"I'm doing fine, everything is good," he said.

Even if -- at least statistically -- in his return from a year-plus suspension for violating the league's substance abuse policy has been underwhelming.

Bryant caught two passes for 27 yards in Sunday's 19-13 victory over Kansas City and has just 17 receptions and one touchdown through six games for the first-place Steelers (4-2). His 13.6 yards per catch is more than 4 yards below his career average while splitting playing time with rookie JuJu Smith-Schuster (see full story).

Raiders: Linebacker Bowman signs 1-year deal
ALAMEDA, Calif. -- NaVorro Bowman will make a short move following his release last week from the San Francisco 49ers, signing a $3 million, one-year contract with the Oakland Raiders on Monday.

"It's a refresher for me," Bowman said after taking part in a walkthrough with his new team. "It's a new picture, new scenery. The guys are a special group of guys. You can just see the talent they have on the offensive side of the ball. I'm excited to go out there and play for an offense that is eager to score points. I look forward to it."

Bowman visited the Raiders on Monday and then signed the deal shortly after that, cancelling a planned visit to the Dallas Cowboys. He went right into meetings with the assistant coaches and could be ready to play when the Raiders (2-4) host the first-place Kansas City Chiefs on Thursday night.

Bowman said he will do extra work this week to learn the defense and said he plans to play this week if he's prepared enough. The Raiders will be happy to get him on the field to add some experience to a young group of inside linebackers (see full story).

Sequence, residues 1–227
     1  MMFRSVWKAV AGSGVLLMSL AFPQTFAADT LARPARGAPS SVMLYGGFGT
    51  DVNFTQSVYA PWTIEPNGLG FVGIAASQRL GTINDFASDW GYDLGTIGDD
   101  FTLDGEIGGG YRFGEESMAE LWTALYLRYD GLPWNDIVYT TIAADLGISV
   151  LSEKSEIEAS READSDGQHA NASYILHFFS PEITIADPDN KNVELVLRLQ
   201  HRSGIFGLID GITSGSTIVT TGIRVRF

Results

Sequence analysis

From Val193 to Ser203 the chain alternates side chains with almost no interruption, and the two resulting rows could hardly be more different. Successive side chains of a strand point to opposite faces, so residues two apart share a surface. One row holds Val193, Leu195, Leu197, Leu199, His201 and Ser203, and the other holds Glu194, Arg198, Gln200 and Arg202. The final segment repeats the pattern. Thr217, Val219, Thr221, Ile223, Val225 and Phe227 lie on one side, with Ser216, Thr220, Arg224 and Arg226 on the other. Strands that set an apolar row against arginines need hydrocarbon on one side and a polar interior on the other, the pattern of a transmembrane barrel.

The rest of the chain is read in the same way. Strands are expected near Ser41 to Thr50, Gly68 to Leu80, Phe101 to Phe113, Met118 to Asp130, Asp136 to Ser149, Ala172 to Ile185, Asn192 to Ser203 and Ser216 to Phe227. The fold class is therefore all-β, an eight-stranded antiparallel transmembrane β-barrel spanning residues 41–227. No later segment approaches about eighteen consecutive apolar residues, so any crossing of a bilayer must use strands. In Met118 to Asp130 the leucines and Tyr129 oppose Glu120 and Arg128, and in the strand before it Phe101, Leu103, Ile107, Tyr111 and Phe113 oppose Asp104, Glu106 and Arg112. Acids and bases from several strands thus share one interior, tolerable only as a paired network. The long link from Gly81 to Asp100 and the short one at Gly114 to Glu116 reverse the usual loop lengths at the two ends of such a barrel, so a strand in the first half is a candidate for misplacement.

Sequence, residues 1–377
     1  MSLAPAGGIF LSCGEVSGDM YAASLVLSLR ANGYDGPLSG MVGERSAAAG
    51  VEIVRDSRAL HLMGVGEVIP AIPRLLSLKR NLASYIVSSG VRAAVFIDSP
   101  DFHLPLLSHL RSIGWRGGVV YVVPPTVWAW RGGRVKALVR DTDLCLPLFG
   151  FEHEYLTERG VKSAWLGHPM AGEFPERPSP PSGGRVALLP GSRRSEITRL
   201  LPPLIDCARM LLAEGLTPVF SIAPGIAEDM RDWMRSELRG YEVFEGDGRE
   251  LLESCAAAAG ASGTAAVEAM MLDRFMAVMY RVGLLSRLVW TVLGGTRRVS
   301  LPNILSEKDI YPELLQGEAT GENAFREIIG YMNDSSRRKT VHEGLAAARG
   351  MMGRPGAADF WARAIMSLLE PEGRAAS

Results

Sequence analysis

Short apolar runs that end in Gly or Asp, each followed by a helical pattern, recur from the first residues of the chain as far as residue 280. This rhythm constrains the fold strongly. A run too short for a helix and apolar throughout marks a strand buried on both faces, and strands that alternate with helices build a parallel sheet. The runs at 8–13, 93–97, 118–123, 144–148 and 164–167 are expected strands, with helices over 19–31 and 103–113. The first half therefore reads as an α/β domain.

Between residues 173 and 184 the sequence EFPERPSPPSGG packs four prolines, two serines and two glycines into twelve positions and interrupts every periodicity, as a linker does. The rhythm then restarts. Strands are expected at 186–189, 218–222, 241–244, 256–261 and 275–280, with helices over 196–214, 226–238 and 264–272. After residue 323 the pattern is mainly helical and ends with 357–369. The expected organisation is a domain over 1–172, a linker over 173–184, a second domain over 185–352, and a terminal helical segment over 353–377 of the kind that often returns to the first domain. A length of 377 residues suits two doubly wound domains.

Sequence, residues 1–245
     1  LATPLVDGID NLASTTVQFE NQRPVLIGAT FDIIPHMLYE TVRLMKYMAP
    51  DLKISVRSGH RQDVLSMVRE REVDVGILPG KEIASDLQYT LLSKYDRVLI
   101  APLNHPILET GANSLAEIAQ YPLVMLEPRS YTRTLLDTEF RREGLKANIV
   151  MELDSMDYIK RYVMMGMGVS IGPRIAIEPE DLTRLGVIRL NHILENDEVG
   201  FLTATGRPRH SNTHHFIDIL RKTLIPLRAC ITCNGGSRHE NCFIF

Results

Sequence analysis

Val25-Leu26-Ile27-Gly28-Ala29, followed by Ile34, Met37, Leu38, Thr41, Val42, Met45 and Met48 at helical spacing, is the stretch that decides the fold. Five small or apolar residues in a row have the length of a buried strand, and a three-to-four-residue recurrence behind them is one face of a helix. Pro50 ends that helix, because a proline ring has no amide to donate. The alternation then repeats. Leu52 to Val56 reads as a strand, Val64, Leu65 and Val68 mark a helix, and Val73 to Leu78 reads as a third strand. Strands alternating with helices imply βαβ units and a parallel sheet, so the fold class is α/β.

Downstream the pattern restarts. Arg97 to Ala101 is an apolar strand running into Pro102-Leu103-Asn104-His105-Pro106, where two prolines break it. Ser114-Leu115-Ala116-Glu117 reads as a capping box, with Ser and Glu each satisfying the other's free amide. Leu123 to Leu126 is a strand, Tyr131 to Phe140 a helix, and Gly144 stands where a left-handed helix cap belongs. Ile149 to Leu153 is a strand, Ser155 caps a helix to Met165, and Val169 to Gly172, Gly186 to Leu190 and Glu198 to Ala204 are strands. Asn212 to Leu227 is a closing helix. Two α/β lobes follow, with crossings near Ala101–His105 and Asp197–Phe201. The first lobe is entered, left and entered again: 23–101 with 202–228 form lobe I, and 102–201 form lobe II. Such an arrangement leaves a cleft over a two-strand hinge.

Redskins dealing with numerous injuries heading into Week 7 vs. Eagles

USA Today Images

Redskins dealing with numerous injuries heading into Week 7 vs. Eagles

ASHBURN, Va. — Quinton Dunbar takes pride in the way Washington Redskins defensive backs coach Torrian Gray makes every member of the secondary prepare as though he's starting.

"When you get in, you are expected to play like a starter," Dunbar said.

That approach has come in handy this season. Already 2015 All-Pro Josh Norman, fellow cornerback Bashaud Breeland and safety Stefan McClure have gone down with injuries, and second-year safety Su'a Cravens left the team to contemplate retirement.

It's possible Breeland, who sprained his left knee Sunday against San Francisco, and Norman, who has been out with a broken rib, play Monday night.

If they can't go, Washington will lean heavily on Dunbar, Kendall Fuller and rookies Montae Nicholson, Fabian Moreau and Joshua Holsey against quarterback Carson Wentz and the NFC East-leading Eagles.

"It'll be a great challenge because he's playing extremely well," Gruden said.

"Our guys will have to step up. That's just the way it is. There's a lot of teams around the National Football League this time of year that are dealing with key injuries at certain positions and we just had a couple of them at the corner spot. Fabian, Dunbar, they'll have to step up and play well (along with) Holsey, Fuller."